Where did you grow up?
The majority of my life I grew up in Bayswater, Victoria.
What have been some important stages of your life?
Visiting Uluru when I was 15 and feeling a connection with the traditional owners of this land as I walked around, and the birth of my three beautiful children and watching them grow.
How did you get to your current job position?
My current role I gained by networking with people that I worked with in my previous role. They were able to get my details out to organisations and a past working associate contacted me about potential opportunities where they were working.
How long have you held this position?
I started at BAE Systems in July 2018 in a project coordinator capacity within HR. I have recently moved across to the Talent Acquisition Team where I’m coordinating the intake of interns within BAE Systems across the country as well as general recruitment.
Can you talk us through your previous work history?
My previous work history has been in the recruitment field both here in Adelaide and in Melbourne. This has been in general positions, traineeships, apprenticeships, graduate and cadetships and in Aboriginal and Torres Strait Islander engagement and employment.
Has your Aboriginal heritage ever been an advantage?
My Aboriginal heritage has been an advantage at times, but I prefer to let my work history speak for what I can undertake and achieve. In some organisations that have limited understanding about Aboriginal history/culture/engagement and employment, my Aboriginality has been an advantage as I can guide and drive companies moving forward.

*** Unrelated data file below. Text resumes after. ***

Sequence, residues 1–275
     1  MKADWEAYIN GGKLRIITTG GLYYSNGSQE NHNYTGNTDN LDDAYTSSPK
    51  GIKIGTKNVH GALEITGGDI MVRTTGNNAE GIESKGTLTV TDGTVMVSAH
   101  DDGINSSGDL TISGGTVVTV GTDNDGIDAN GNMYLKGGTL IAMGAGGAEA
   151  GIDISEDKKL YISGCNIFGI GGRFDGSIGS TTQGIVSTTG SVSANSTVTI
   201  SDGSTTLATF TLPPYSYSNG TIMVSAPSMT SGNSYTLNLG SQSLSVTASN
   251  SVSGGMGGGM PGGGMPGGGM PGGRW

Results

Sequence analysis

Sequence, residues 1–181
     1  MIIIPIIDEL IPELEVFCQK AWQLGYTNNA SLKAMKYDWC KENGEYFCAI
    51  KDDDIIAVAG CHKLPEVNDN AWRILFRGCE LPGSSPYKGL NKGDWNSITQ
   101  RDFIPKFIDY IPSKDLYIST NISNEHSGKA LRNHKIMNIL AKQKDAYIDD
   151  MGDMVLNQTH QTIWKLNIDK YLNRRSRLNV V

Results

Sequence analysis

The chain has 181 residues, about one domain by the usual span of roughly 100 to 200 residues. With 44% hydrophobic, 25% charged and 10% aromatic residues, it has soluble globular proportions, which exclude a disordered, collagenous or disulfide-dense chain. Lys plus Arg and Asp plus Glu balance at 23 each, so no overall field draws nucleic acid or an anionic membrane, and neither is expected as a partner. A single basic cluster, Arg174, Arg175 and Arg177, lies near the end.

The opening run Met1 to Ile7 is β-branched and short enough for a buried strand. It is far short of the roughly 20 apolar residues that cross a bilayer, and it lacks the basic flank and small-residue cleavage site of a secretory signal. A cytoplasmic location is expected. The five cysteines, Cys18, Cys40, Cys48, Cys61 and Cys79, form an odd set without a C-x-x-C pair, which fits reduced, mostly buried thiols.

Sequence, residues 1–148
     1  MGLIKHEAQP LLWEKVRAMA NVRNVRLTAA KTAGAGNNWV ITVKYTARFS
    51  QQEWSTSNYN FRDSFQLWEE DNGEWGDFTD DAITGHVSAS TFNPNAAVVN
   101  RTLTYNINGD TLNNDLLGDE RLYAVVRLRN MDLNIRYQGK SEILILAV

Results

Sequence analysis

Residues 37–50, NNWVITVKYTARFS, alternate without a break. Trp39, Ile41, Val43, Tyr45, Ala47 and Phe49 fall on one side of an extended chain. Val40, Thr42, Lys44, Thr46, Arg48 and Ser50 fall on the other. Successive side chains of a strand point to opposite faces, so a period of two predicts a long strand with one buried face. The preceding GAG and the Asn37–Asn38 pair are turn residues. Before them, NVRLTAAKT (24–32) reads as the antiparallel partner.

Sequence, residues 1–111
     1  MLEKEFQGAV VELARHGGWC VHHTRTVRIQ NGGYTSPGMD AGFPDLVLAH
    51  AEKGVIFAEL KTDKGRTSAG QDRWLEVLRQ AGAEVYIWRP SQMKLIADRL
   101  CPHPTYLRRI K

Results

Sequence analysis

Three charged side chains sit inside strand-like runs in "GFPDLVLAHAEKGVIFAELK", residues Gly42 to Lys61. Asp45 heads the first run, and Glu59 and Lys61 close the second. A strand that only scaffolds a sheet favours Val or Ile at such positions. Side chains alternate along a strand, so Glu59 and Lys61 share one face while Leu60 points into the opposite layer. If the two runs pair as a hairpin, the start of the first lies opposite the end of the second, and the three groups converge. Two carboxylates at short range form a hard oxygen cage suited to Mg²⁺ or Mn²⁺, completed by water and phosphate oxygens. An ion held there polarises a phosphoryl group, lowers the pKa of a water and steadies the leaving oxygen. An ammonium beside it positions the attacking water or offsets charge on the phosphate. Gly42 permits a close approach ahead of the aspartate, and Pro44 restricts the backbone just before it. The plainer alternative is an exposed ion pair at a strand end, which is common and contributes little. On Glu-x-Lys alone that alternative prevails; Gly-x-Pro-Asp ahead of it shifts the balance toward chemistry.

What is the interview process like for graduates at BAE Systems?
The interview process for interns and graduates has three main phases:
Suppose a student was considering your career. What would you advise them to study?
With approximately 75% of BAE Systems workforce in roles of engineering (mechanical, electrical, software, hardware, structural and mechatronics) as well as project management, these disciplines are always in demand by the organisation. However potential students shouldn’t be put off by this as we also look for students studying in human resource, finance, procurement, information technology, security, property & facilities and many more.
Are there any soft skills it would be beneficial for students to develop? Should they pursue any sort of work experience?
In such a competitive workforce, your soft skills should never be underestimated when it comes to presenting yourself to a potential employer. With interviews becoming more behavioural based rather than technical, a person’s ability to sell themselves and the way they go about it both in and out of an interview, goes a long way.
Having sat on countless interview panels for all types of roles, my main piece of advice – which is nothing new – is that first impressions always last the longest. If you are presented well, are polite, introduce yourself to an interview panel and then thank them at the end, you are always going to get a tick in my book.
How important is it for Indigenous youths to stay connected with their communities?
believe that Aboriginal youths should always stay connected with their communities, but don’t let it stop you from achieving what you want to achieve. It’s sometimes hard to step out of the comfort of what’s familiar or what’s comfortable, but by educating yourself to the best of your ability, you will only make for a better community and family.
Which three pieces of advice would you give to Indigenous students nearing graduation?